Joy Riding

Joy Riding

I t’s finally feeling like winter, and the wimpy among us have put away our bikes for the season. Not the folks at D’Aniello’s Amity Bicycles, though. They’re putting on their booties and their pogies and riding their studded tires through mud and snow. They’re also presenting the year’s final cyclocross bike race of the CT Series in Edgewood Park this weekend.

Cyclocross is “the most spectator-friendly version” of bicycle racing and “the most rapidly growing discipline in cycling racing in New England, by far,” says Kurt D’Aniello, whose family has owned and operated Amity Bikes for 36 years. The race features grass and pavement and mud, tight turns and barriers and plenty of dismounting. “You see a lot of elevation change, so short ride-ups and ride-downs, or run-ups, a lot of dismounting in certain courses and running [are] involved,” D’Aniello explains. For that reason, cyclocross bikes are designed to be light enough to be carried, with a flat crossbar so riders can sling them on their shoulders. Races are timed, and most racers will complete five to seven laps on a course about a mile and a half in length. On Sunday, about 250 racers are expected, as young as nine and as old as are willing, to vie for cash prizes, merchandise, baked goods, bragging rights and downright fun.

Cyclocross isn’t the only kind of riding Amity Bikes supports. There are monthly “fat tire” rides, including upcoming Fat New Year’s Eve and Fat Tuesday rides. The shop also hosts year-round mountain bike rides on Wednesdays after work and Saturdays at 8 a.m., the latter a good ride for first-timers to join. Monday road rides head out April through September.

Winter riding might not sound like a walk in the park, but with the right tires and the right clothing, pretty much anyone can be happy riding through the winter, D’Aniello says: “It’s all about layers.” Wearing a base layer, mid layer and outside layer like a heavy jacket is a good start. He also recommends booties, which fit over biking shoes; a thin wool hat or balaclava under your helmet; and lobster claws or some other glove that keeps your fingers together. Or you can try those aforementioned pogies, like giant pockets for your hands that attach to the handlebars.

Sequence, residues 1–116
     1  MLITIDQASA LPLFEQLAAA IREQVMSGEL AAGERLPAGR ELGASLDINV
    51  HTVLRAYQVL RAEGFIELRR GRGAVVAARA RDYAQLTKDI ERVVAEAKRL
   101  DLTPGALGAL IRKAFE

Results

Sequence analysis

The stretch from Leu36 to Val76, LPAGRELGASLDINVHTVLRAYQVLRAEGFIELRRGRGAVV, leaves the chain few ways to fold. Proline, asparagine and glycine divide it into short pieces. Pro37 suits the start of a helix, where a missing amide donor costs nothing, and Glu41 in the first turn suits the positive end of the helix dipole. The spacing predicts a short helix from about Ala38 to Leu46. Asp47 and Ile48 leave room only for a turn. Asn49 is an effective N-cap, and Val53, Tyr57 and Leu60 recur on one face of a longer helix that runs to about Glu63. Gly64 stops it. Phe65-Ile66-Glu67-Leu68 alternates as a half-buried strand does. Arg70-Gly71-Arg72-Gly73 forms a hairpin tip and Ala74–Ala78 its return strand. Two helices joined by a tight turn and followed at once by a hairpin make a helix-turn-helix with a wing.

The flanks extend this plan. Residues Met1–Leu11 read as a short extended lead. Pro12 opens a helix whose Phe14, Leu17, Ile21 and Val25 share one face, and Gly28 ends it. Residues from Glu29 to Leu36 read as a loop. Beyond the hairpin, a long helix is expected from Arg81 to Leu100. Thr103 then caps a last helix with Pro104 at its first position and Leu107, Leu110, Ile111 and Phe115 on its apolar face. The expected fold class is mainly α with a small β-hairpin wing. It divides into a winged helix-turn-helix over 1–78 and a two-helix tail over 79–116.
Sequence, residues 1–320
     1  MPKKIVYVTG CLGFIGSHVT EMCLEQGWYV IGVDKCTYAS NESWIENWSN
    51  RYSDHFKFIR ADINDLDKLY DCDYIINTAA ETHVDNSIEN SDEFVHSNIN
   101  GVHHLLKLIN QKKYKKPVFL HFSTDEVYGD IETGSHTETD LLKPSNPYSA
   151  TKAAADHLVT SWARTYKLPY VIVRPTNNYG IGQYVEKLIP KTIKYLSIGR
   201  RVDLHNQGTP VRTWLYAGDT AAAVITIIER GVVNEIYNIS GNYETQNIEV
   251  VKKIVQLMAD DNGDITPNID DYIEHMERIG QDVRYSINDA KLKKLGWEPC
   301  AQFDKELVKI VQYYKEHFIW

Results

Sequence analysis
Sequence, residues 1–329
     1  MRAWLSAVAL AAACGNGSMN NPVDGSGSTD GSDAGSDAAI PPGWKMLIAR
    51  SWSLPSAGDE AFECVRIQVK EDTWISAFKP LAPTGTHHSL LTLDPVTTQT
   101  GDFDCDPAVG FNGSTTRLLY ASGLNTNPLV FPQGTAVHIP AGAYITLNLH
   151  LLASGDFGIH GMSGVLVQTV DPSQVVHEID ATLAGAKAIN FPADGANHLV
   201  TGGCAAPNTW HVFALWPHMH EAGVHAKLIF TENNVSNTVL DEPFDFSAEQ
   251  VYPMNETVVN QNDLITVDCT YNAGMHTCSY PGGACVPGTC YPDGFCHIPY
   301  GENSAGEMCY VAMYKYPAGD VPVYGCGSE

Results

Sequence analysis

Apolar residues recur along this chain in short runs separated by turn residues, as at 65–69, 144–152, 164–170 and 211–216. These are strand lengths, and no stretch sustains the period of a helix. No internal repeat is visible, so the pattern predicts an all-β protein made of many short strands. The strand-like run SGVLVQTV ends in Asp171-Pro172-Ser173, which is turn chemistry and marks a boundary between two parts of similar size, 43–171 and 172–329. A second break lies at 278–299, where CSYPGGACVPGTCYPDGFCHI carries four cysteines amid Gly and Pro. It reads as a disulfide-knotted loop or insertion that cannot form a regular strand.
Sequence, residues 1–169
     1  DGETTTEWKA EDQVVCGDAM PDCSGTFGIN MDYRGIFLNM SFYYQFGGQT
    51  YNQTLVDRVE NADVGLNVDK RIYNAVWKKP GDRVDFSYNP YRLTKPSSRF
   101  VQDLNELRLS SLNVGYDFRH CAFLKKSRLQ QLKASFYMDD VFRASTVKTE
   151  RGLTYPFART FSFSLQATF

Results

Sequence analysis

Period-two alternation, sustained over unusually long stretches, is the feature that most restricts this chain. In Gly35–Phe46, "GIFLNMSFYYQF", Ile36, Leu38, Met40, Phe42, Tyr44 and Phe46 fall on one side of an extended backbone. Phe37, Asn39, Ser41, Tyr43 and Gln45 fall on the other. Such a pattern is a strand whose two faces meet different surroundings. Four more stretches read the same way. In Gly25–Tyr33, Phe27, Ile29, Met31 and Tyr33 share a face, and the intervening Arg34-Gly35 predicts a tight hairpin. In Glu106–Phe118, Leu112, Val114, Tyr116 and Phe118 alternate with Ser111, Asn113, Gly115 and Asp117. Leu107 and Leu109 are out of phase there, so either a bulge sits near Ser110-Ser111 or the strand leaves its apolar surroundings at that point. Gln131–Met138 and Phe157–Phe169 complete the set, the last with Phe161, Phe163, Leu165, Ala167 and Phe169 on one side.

Most riders prefer to be off-road in the winter, D’Aniello says, “because you’re not going down a paved hill at 30 miles an hour with ice at the bottom.” In fact, off-road biking has overtaken road riding in popularity in recent years. Road safety is one big reason, he says. “Being able to train on the roads is a challenge… Distracted drivers are the biggest problem.” Instead, bike paths, dirt roads, double-track fire roads and trails are now the favored locations.

D’Aniello himself is a competitive mountain bike racer: a state champion and a silver medalist at the Cross-Country Mountain Bike National Championships in 2013. His father, Guy D’Aniello, started out racing track bikes and road bikes in the early 1970s. His yellow jersey for winning the multi-day America’s Cup race in 1985 is on display in the shop. He was also the 1982 National Criterium champion and won numerous medals at the state level. He mostly races mountain bikes today, and he plans to compete in Sunday’s cyclocross. Kurt’s mother, Sue D’Aniello, worked for the US Olympic committee and was commissioner for cycling at the 1995 Special Olympics World Summer Games in New Haven. The wall of the office at Amity Bikes is plastered with old race numbers, a testament to the fact that, as Guy says, “The whole family rides.”

Despite this hardcore competitive history, “We try to have something for everyone,” Kurt says. The shop does seem to stock it all, from high-end racing bikes to commuter bikes to the littlest Strider bikes without pedals. They also offer expert bicycle fitting. “Being comfortable on the bike seems like a new idea to a lot of people, but you should not experience pain on a bicycle, just fatigue, and that’s kind of our goal is to get customers comfortable,” Kurt says. The shop is also bursting with repairs, especially in the spring and summer, when appointments are required and the waitlist can be long. That means winter is the best time to bring your bike in for a tune-up or even a complete overhaul.

So, let the snow fly. If you love biking as much as the D’Aniellos, there are plenty of ways to get out there even now, as winter wheels around.

D’Aniello’s Amity Bicycles
18 Selden St, Woodbridge (map)
Mon-Fri 10am-6pm, Sat 10am-5pm
(203) 387-6734
www.amitybicycles.com
Elm City Cyclocross: Sun 12/17 at Edgewood Park’s Coogan Pavilion (details)

Written and photographed by Kathy Leonard Czepiel.

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About Kathy Leonard Czepiel

View all posts by Kathy Leonard Czepiel
Kathy Leonard Czepiel is The Daily Nutmeg’s associate editor. She’s also a fiction writer, writing teacher and book club troubleshooter at KathyLeonardCzepiel.com. Her favorite New Haven scene is a packed summer concert on the Green with dinner from the food trucks, and she loves that there’s always something new to discover here.

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